Perceived insomnia, life-events and self-transcendence in middle and older adults
AuthorSabre, Linda Kay
KeywordsSleep Initiation and Maintenance Disorders.
Life Change Events.
Attitude to Health.
Committee ChairReed, Pamela
MetadataShow full item record
PublisherThe University of Arizona.
RightsCopyright © is held by the author. Digital access to this material is made possible by the University Libraries, University of Arizona. Further transmission, reproduction or presentation (such as public display or performance) of protected items is prohibited except with permission of the author.
AbstractPerceived insomnia, significant life events and self-transcendence were investigated in 15 individuals who ranged in age from 46 to 80. Participants were interviewed over the telephone in effort to assess their occurrence and severity of three types of insomnia as well as the variables of self-transcendence and occurrence of significant life events. Results indicated that 5 (33%) experienced the most severe level of insomnia that includes difficulty falling asleep, difficulty maintaining sleep and early morning awakening. Three types of significant life events were reported by the majority of respondents: health events, career and family problems were identified as occurring during the onset of insomnia. There was no significant relationship between selftranscendence and insomnia, yet additional analysis identified some significant positive relations between Self-Transcendence Scale items and types of insomnia. No demographic variables were associated with severity to any degree of significance, yet males had higher frequency of severity than females. Implications for better understanding and treating insomnia in adults are discussed.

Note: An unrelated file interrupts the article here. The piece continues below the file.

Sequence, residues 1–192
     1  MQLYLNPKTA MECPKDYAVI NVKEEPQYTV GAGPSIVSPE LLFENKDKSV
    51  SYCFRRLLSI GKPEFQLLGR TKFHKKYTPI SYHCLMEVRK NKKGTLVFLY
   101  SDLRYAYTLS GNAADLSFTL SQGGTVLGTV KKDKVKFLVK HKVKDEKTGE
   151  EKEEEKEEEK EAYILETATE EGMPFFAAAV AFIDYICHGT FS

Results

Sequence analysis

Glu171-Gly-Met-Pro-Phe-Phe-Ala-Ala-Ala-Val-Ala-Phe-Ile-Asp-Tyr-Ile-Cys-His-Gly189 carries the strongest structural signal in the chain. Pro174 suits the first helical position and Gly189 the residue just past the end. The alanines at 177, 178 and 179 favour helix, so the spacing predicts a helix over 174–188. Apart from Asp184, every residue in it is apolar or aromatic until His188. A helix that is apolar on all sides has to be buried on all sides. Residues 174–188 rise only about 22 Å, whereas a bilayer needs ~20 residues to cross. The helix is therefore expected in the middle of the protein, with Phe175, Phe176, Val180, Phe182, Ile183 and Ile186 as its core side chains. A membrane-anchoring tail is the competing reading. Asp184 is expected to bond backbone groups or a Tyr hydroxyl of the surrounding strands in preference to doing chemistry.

Degree ProgramGraduate College